Volume Averaging

Certain factors affect the accuracy of the Hounsfield units and the accuracy of the image. The degree of linear attenuation and the resultant CT number are determined by the average density of the material within that voxel. Therefore, when a voxel is filled with several structures (or the structure of interest is smaller than the voxel), the voxel will be assigned a CT number or HU that is subject to volume averaging artifact. If the resolution of a very small structure is important, decreasing the scan thickness will improve accuracy. However, the benefits of thinner sections must be considered along with the risk of a higher radiation dose to the patient with the increased number of slices. Scanning protocols are designed to balance image resolution with acceptable radiation dose.

Although thinner sections increase image resolution, some of the advantages are lost due to increased image noise, also known as quantum mottle. Image noise is due to an insufficient number of x-ray photons reaching the detectors, resulting in a grainy image. Image noise can be reduced by increasing the radiation dose, but, again, a compromise between radiation exposure and image noise determines the quantitative x-ray dose.

Window width and window level are display settings that can be manipulated to optimize the appearance of the image. Selecting a window width determines the range of CT numbers that will be represented on a specific image. The computer assigns different shades of gray to CT numbers that fall within the selected range. CT numbers that are above the chosen range will appear white, while numbers below the chosen range will appear black. By increasing the window width, a greater range of CT numbers are each assigned to a shade of gray. This technique is used when it is desirable to view a variety of tissues that vary greatly in density (e.g., lung). The disadvantage to wider windows (400 to 2000 HU) is that subtle differences in density will not be visualized.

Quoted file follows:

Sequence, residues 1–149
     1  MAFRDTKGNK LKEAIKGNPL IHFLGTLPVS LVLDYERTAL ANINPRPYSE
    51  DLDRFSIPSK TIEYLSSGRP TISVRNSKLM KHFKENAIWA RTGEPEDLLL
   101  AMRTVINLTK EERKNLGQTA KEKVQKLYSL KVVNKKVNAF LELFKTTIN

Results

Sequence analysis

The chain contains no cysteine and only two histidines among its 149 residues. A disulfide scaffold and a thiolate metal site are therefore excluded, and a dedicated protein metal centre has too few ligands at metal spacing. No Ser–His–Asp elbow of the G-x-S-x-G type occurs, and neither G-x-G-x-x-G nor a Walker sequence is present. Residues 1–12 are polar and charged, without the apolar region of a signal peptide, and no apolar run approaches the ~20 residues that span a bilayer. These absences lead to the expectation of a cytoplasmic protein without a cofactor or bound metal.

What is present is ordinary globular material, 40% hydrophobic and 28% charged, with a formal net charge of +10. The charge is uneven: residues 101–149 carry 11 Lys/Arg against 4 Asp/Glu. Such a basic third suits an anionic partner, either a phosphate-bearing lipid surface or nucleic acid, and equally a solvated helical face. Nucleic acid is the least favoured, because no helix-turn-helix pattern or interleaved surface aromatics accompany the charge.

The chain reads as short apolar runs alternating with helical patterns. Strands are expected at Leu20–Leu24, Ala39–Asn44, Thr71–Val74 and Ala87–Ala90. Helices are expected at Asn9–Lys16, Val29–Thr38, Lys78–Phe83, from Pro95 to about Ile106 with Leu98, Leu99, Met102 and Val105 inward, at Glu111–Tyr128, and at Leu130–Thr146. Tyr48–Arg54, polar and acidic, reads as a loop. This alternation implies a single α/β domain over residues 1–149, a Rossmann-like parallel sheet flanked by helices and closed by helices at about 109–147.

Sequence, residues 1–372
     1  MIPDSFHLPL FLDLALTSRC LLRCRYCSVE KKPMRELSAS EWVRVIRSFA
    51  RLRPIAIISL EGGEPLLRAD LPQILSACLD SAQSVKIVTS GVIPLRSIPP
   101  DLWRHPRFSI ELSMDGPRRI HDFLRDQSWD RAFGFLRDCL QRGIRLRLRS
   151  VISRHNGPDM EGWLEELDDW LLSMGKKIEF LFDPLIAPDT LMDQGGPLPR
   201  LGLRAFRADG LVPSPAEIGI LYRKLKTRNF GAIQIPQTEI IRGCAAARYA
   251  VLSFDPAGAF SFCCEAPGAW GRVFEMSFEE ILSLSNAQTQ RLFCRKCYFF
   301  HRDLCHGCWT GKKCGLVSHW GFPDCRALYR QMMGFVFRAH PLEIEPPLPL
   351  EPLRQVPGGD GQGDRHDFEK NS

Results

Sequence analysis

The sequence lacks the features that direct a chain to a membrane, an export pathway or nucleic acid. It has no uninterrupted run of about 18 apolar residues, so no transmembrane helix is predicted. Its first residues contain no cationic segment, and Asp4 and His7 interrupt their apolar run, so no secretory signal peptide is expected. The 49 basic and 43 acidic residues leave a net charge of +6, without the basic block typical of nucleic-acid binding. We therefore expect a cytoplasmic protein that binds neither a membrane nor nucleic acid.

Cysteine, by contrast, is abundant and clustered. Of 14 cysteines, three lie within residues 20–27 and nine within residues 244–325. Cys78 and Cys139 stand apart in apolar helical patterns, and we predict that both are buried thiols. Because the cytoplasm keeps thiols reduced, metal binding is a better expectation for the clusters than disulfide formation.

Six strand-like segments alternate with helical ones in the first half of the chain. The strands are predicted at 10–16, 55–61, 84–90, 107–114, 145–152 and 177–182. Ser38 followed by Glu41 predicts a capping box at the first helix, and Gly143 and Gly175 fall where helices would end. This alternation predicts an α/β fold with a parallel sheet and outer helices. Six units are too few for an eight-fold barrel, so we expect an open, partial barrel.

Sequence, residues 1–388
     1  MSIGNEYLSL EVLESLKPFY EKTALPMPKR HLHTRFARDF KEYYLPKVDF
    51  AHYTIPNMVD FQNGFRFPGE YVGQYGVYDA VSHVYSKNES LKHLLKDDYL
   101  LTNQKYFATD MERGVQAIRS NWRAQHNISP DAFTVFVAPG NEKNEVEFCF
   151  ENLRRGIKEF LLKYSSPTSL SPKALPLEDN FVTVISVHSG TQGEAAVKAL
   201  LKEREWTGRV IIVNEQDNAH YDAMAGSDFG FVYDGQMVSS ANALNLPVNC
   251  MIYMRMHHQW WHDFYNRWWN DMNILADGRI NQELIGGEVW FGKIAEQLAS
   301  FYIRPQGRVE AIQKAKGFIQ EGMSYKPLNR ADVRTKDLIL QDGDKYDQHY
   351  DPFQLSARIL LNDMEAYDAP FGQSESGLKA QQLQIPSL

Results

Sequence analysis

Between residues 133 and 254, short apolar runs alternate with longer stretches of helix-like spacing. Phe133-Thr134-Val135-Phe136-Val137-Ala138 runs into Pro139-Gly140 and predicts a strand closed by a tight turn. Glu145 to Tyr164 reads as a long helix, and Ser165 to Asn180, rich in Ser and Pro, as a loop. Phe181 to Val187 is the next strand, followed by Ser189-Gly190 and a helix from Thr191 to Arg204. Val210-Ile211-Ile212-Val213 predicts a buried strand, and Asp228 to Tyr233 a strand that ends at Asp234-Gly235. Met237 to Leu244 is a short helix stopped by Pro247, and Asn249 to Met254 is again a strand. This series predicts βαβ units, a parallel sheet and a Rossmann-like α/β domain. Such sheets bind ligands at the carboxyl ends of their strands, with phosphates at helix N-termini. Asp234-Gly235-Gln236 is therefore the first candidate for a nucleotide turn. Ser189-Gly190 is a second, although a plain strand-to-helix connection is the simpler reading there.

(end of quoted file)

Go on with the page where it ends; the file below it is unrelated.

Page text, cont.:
When the goal is to visualize a section of anatomy with minor discrepancies in tissue density, narrow window width is chosen (50 to 400 HU). A good example of the use of narrow window width is in the brain, where there is little difference in tissue densities; yet, with the higher contrast achieved with a narrow window, white and gray matter can be differentiated.

Window level determines the CT number that will be the center of the gray scale. The window level is generally set at the same value as the average attenuation number of the tissue of interest.

The image from a single data set can be displayed at different window widths and levels to highlight various tissues of interest. For example, in chest CT, settings that optimize the image of the soft tissue mediastinal structures use a moderate window width (e.g., 350) centered at a level just above water (e.g., +30). However, this setting does not allow visualization of the details of the lungs ( Fig...n 296:2.^.). On the other hand, lung settings use a wide window (e.g., 1400) and a low level (e.g., -600) to center the gray scale so it includes air densities ( Fig..n i296-2.S). To optimize the image of a bony structure, a wide window (e.g., 1500) and a higher level (e.g.,

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